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The Encyclopedia of Oklahoma History and Culture


Situated in Muskogee County, Oktaha is fourteen miles south-southwest of Muskogee and one mile east of U.S. Highway 69. It is an agricultural community originally located on the Missouri, Kansas and Texas Railway. A boxcar served as the first train depot. The town has had a multicultural mix of white, African American, and American Indian residents from inception, with African Americans comprising 18 percent of its 1907 population of 286. On August 6, 1900, the Oktaha Switch post office opened. It was named after Oktarharsars Harjo, a Creek citizen. Oktaha was incorporated three years later and a mayor-council form of government prevailed through the twentieth century. Its population rose to 335 in 1920 and then began a sixty-year decline. The census counted 233 in 1940 and 199 inhabitants in 1960. Since registering 376 people in1980, its population fell to 327 in 2000 but rose to 390 in 2010.

Many Oktaha citizens have excelled both locally and nationally as rodeo performers. Ted Yochum, who moved to Oktaha after establishing his rodeo career, became a world-champion bulldogger. Renowned artist and sculptor Willard Stone hailed from Oktaha.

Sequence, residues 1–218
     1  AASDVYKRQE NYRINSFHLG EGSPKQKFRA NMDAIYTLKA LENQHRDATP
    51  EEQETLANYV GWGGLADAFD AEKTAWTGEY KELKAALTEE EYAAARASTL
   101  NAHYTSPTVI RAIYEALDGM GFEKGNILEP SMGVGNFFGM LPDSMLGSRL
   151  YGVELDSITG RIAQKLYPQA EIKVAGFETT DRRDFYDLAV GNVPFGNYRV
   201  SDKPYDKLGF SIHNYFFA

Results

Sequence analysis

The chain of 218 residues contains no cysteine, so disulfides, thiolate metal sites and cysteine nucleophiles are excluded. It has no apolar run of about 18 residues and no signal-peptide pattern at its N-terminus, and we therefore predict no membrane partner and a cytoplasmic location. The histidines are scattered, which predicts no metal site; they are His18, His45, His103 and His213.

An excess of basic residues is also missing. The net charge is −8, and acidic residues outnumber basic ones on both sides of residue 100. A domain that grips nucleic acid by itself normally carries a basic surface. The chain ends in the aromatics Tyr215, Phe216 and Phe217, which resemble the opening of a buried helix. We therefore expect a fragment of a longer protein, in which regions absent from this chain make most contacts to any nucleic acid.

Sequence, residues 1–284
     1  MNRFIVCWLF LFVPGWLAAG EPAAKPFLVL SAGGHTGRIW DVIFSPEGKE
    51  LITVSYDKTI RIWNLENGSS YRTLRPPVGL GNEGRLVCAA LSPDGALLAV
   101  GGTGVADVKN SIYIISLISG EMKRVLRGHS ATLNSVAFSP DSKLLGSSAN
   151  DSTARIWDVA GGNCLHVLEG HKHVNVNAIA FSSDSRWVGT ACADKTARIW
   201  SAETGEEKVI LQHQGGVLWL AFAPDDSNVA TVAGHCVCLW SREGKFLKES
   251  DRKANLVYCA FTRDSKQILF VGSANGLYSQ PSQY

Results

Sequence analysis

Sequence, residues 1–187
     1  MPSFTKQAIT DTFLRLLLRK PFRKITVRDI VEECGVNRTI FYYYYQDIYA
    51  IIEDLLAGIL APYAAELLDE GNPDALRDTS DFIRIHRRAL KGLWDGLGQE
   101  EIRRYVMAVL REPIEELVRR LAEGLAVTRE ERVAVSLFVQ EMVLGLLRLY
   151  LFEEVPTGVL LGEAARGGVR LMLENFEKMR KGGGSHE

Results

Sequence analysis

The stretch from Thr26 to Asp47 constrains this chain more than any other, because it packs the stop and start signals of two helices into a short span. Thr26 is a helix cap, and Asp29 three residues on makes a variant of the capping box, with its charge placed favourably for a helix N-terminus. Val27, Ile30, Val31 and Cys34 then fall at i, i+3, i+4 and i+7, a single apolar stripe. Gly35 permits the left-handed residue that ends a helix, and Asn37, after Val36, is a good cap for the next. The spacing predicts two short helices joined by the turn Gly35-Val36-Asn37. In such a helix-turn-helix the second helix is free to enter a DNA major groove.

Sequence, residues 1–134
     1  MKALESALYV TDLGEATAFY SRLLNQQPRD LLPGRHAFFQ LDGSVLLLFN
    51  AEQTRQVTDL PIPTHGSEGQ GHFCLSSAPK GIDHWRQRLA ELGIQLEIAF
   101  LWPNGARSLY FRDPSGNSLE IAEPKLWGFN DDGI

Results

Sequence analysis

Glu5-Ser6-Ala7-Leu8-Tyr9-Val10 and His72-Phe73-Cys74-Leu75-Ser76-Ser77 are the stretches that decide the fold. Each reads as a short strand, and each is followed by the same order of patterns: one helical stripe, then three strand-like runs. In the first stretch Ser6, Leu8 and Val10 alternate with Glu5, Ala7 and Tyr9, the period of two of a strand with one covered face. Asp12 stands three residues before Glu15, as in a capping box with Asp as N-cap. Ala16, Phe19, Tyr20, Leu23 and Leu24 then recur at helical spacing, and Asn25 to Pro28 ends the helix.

Wallace F. Waits, Jr.


John Downing Benedict, Muskogee and Northeastern Oklahoma, Including the Counties of Muskogee, McIntosh, Wagoner, Cherokee, Sequoyah, Adair, Delaware, Mayes, Rogers, Washington, Nowata, Craig, and Ottawa, Vol. 1 (Chicago: S. J. Clarke Publishing Co., 1922).

James M. Etter, Oktaha: A Track in the Sand (Oktaha, Okla.: Oktaha Historical Society, 1982).

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The following (as per The Chicago Manual of Style, 17th edition) is the preferred citation for articles:
Wallace F. Waits, Jr., “Oktaha,” The Encyclopedia of Oklahoma History and Culture, https://www.okhistory.org/publications/enc/entry?entry=OK095.

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